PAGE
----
My father taught me many things, and one of the most important was to never judge a book by its cover. There was a grumpy old man in our neighborhood who never smiled and would barely acknowledge anyone when they said hello to him. Everybody called him Mr. Grouch. One day I said that I wondered why he was always in such a bad mood and why someone who acted that miserable all the time even wanted to be alive. It turned out my dad knew the man and his story and told me that during World War II his ship had been torpedoed and he had watched many of his friends burn to death before they could get off the ship or drown when they did. While he came through the ordeal physically unscathed, like so many veterans of so many wars, he carried psychological scars that nobody could see that were deep and painful. We never know what the person next to us is going through, just as we never know so many things about other people.
One of the easiest car sales I ever made happened soon after I went to work for the dealership. It was a cold, rainy winter’s day in Tucson (yes, they get them sometimes), and there hadn’t been a customer on the lot in hours when a Yellow Cab pulled in and an old man in bib overalls and a striped railroad cap got out. There were four of us salesmen on duty, and the other three didn’t want to go out in the rain to mess with the old geezer. So I went outside and said, “If you’re here in this weather, you must need a car.” He shook his head and said, “No, I need a truck. I come here every winter to get out of the cold, and I’ve got an old Ford that I keep in the carport. It hasn’t wanted to start the last two years and is giving me all kinds of trouble, and I’m tired of messing with it. Show me a nice truck.”
So I did, and he settled on a brand new F-150 that certainly wasn’t the fanciest truck on the lot, but there was no question that it would start when he turned the key. We went inside, and I was prepared to negotiate a deal with him when he said, “I have to get home, I’m taking a pretty lady to dinner and I ain’t got time for all that nonsense. Just tell me how much it is and I’ll buy it.” Figuring what the heck did I have to lose, I gave him the full retail price, and he said, “Sold. Will you take my check from back home in Pennsylvania?”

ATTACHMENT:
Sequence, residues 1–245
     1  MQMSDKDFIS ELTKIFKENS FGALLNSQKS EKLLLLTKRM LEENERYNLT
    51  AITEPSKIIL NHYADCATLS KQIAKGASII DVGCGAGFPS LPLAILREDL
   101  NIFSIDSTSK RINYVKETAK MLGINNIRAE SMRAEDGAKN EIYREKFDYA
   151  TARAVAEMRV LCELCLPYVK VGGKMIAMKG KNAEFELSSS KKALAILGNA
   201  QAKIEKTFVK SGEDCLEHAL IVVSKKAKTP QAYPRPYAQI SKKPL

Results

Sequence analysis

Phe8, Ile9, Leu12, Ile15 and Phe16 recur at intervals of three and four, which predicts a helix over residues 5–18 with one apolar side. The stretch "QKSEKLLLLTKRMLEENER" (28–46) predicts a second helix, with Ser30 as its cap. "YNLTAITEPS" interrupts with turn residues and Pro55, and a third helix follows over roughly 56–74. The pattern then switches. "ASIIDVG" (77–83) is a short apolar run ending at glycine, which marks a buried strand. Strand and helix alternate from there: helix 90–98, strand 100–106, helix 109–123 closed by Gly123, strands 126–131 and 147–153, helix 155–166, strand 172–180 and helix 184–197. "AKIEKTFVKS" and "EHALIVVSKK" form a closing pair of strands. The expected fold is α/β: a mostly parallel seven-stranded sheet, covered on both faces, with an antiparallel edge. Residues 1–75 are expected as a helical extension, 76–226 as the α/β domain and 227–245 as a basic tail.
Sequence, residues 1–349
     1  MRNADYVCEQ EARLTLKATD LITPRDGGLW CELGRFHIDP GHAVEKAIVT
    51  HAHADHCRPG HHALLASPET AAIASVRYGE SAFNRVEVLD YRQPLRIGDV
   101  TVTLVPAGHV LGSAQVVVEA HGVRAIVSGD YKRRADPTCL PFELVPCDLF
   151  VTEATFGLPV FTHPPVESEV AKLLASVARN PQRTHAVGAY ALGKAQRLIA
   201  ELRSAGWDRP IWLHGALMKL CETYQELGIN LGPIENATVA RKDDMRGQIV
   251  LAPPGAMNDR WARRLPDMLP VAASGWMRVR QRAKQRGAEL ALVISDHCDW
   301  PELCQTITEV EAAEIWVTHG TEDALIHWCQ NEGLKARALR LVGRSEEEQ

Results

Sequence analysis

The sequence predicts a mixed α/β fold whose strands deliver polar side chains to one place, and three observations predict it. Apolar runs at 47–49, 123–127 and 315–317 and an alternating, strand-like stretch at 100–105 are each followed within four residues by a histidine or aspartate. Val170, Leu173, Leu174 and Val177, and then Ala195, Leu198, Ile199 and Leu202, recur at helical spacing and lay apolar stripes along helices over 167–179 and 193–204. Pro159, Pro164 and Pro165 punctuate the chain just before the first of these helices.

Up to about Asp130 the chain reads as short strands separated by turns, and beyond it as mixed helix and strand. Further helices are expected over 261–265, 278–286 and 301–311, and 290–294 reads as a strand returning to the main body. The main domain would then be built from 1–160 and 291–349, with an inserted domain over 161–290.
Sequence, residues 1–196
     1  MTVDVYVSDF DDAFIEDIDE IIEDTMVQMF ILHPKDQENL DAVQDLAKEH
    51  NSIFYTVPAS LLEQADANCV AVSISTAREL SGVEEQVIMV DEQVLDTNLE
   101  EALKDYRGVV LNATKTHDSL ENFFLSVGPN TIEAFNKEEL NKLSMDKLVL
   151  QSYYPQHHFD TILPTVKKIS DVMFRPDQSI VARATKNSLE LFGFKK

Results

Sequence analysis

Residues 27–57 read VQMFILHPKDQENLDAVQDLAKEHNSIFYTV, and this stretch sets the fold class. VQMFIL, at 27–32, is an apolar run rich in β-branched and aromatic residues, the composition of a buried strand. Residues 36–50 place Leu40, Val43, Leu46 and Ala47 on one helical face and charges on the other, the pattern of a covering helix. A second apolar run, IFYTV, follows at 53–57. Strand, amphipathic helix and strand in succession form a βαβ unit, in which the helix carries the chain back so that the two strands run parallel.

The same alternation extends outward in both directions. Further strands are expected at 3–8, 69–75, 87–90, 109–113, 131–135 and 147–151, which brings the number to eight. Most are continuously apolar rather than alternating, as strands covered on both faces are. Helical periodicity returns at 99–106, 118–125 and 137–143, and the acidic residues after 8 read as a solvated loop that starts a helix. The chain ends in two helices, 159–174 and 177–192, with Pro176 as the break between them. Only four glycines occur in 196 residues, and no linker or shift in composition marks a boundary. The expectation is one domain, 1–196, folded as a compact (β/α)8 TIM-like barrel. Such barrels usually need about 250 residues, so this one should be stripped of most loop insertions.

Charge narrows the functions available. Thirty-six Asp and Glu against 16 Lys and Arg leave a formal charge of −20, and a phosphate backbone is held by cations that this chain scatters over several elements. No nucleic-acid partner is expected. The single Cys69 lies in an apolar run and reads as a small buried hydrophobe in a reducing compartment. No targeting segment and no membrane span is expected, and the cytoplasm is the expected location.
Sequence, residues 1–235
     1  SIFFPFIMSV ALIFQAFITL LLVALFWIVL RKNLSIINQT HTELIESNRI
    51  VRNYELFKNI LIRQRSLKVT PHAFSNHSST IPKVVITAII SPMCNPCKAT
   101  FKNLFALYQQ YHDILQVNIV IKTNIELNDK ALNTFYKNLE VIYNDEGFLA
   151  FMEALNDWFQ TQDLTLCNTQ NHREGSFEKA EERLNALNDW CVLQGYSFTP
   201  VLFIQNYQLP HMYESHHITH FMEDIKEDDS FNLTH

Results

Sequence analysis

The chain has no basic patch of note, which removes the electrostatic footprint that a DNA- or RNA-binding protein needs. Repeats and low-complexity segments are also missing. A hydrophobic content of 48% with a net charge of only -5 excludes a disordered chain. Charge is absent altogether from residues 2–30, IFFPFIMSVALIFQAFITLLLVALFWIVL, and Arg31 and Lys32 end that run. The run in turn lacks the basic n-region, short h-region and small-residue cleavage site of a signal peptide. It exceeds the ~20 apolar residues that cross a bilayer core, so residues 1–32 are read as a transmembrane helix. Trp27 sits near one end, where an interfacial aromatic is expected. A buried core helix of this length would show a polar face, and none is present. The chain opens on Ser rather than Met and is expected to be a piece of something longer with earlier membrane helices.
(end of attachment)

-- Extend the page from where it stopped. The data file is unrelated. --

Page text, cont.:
I wasn’t sure about that, so I went to ask the sales manager, and he told me to call the bank the check was drawn on and see if the old gentleman had enough money to cover the purchase. This was before the days of the Internet, so I had to have an operator find the telephone number of the bank for me in the little town of Palmyra, Pennsylvania. When a lady answered the phone there and I told her I was trying to verify funds on a large check and gave her the gentleman’s name, she asked me to hold for a moment. Then a man came on and said he was the bank manager, and he understood that one of their customers was there to purchase a truck and I needed to know if he had the funds to cover the check. I told him that was true, and he asked if it was an old guy named Harvey, with bib overalls and a railroad hat, and a chaw of tobacco in his cheek. I said yes, that was him. The bank manager said, “Son, if he wants to buy the whole damn dealership, give him the keys and I’ll guarantee the check. He owns half of Lebanon County.”
Well, all right then. We got the paperwork signed, Harvey handed me a check, shook my hand, and drove off the lot. The other three salesmen who didn’t want to go out in the rain were still sitting inside the showroom complaining about what a wasted day it was. Nope, never judge a book by its cover.
Be sure to enter our latest Free Drawing. This week’s prize is a copy of the new hardcover edition of the RV camping journal donated by Barbara House. Barbara makes several variations of these, and they all have pages where you can list the date, weather, where you traveled to and from that day, beginning and ending mileage, campground information including amenities at RV sites, a place for campground reviews, room to record activities, people met along the way, reminders of places to see and things to do the next time you’re in the area, and a page for notes for each day.
To enter, click on this Free Drawing link or the tab at the top of this page and enter your name (first and last) in the comments section at the bottom of that page (not this one). Only one entry per person per drawing please, and you must enter with your real name. To prevent spam or multiple entries, the names of cartoon or movie characters are not allowed. The winner will be drawn Sunday evening. Note: Due to the high shipping cost of printed books and Amazon restrictions on e-books to foreign countries, only entries with US addresses and e-mail addresses are allowed.
Thought For The Day – Some people dream of success while others wake up and work.